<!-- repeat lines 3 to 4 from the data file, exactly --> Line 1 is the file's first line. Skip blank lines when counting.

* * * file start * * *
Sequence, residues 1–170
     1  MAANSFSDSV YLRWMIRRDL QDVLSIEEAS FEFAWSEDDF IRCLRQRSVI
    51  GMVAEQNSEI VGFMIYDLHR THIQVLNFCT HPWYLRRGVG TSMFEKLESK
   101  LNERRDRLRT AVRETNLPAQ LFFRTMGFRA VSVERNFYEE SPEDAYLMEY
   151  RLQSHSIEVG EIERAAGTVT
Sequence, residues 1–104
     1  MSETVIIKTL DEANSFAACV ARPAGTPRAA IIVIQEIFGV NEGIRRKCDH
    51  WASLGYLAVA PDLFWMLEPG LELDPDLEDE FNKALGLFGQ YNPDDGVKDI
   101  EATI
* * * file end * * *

    51  GMVAEQNSEI VGFMIYDLHR THIQVLNFCT HPWYLRRGVG TSMFEKLESK
   101  LNERRDRLRT AVRETNLPAQ LFFRTMGFRA VSVERNFYEE SPEDAYLMEY